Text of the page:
Here are some sample headlines from other publications around the nation about the latest development involving MediaNews Group, owner of the Denver Post and dozens of other newspapers around the country:
UPI: "U.S. Newspaper Group to File Bankruptcy." The Wall Street Journal: "MediaNews Holding Company to Seek Bankruptcy Protection." The Los Angeles Times: "Affiliated Media, Parent of Daily News Owner MediaNews, to File for Bankruptcy Protection."
And the Denver Post's headline? "Pact Lets Post's Owner Cut Debt."
Notice a missing word?
Well, that term does eventually pop up in the Post piece, penned by Aldo Svaldi, but not until the third paragraph -- at which point it's slipped in as subtly as possible: "The plan will be implemented in the near future through a pre-packaged Chapter 11 bankruptcy filing." But that's shoddy work in comparison with the Affiliated Media press release on the subject, which somehow manages to avoid the word "bankruptcy" entirely.
This kind of subterfuge is sad and futile. The Post wouldn't go through such gyrations for any other firm, and the decision to do so in this case calls the assertions that follow into doubt -- which is unfortunate, because MediaNews guru Dean Singleton really does seem to have driven a deal that gives his properties the maximum opportunity for survival even as it keeps his hands on the wheel.
Of course, such denial is nothing new. In a July 1 blog entitled "A Closer Look at MediaNews Group's Debt,," we noted a report in Debtwire, an industry subscription service, hinting at the kind of agreement that's just been reached. An excerpt:
Last week, Debtwire, an industry subscriber service, published an article entitled "MediaNews Submits Restructuring Plan to Lenders On Deadline, Sources Say," which features a fascinating array of facts and figures. The piece says MediaNews submitted a "preliminary restructuring plan" to a group led by Bank of America, whose forbearance agreement runs through September 30. The proposal called for MediaNews to equitize $732 million of its $832 million credit facility "and give lenders the majority of the reorganized equity." Folks holding the firm's $450 million in subordinated bonds "would receive the remainder of the equity."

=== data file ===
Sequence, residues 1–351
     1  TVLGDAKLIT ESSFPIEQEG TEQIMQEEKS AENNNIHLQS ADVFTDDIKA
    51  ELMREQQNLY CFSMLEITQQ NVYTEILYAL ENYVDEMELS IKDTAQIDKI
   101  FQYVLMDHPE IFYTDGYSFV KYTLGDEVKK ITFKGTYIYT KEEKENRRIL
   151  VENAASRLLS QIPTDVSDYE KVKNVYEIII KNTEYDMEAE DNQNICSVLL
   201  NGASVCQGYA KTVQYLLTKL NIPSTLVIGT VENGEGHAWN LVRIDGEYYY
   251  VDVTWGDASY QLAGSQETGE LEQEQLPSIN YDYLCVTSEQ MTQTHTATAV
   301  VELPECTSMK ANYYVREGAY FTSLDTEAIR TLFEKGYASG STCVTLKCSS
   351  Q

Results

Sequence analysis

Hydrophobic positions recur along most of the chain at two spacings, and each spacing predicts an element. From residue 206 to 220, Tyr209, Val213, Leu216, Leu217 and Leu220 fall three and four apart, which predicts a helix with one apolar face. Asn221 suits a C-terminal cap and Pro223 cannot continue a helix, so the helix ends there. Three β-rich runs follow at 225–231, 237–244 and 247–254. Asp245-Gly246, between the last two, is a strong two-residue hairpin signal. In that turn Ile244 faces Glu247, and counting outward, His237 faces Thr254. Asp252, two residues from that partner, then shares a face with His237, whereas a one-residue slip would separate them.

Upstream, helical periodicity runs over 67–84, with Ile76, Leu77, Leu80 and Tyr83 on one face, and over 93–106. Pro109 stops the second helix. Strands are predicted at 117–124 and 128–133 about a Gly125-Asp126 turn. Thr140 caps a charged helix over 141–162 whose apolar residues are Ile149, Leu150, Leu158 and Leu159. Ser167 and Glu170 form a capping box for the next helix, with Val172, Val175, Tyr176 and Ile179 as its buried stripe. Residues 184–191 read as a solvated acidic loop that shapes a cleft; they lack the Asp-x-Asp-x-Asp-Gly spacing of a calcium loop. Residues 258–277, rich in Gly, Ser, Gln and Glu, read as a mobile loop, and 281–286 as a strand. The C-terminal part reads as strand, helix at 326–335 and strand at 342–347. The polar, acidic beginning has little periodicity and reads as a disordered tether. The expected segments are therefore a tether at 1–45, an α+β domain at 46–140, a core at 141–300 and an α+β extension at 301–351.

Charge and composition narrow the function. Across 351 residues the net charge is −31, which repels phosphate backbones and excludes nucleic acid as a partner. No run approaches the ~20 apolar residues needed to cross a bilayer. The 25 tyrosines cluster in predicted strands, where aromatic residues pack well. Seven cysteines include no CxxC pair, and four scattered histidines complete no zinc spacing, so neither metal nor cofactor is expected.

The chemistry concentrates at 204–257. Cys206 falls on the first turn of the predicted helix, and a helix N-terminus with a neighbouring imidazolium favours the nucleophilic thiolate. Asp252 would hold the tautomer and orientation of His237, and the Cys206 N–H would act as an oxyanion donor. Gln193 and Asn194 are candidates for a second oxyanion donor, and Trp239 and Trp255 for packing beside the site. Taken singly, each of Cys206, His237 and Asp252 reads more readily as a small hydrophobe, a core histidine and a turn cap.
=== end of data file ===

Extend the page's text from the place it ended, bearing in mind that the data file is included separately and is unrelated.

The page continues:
Even more interesting is the following paragraph, which mentions an important conference slated for today and uses the "B" word: "MediaNews has scheduled a 1 July lender call to provide an update on the progress of the negotiations, the second source familiar said. The company is expected to implement its restructuring through a pre-arranged or pre-packaged bankruptcy filing, said the first source, a lender and a sellside analyst."
MediaNews' reaction? Later that day, the firm issued a press release disputing all the Debtwire piece's assertions. It reads:
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A media report on Wednesday, citing rumors from unnamed sources, reports that MediaNews Group has proposed a refinancing plan to its bank lenders that would cause a change in control of the company and possibly involve a bankruptcy filing.
The story is inaccurate in almost all respects. As previously reported, MNG is in discussions with its bank lenders to restructure its balance sheet, including an exchange of some of its bank debt for equity in the company.
Proposals to the company's lenders do not include a change in control of the company, nor do they include proposals for any bankruptcy filings, as the rumors suggest.
MediaNews Group remains in compliance with its bank agreements while refinancing discussions continue.
Obviously, things have changed since then. Bank of America is indeed involved; its group will appoint "three of the company's seven board seats," the Post article notes. Moreover, the equity stake in the firm held by Singleton and right-hand man Jody Lodovic shrinks to 20 percent, from a high of 45 percent -- and as Singleton concedes, "Current shareholders will be losing the value of their holdings."
However, Singleton retains control of the company -- always his most important goal -- and the agreement excludes media properties like the Post and the Boulder Daily Camera, at which layoffs aren't anticipated in the immediate future.
The Post should have trusted its readers to understand these facts and put them into perspective. Instead, it treated them like children too naive to understand what's really going on. And that's as insulting as it is unnecessary -- particularly in light of all those other articles floating around that use the word "bankruptcy" up-front instead of burying it.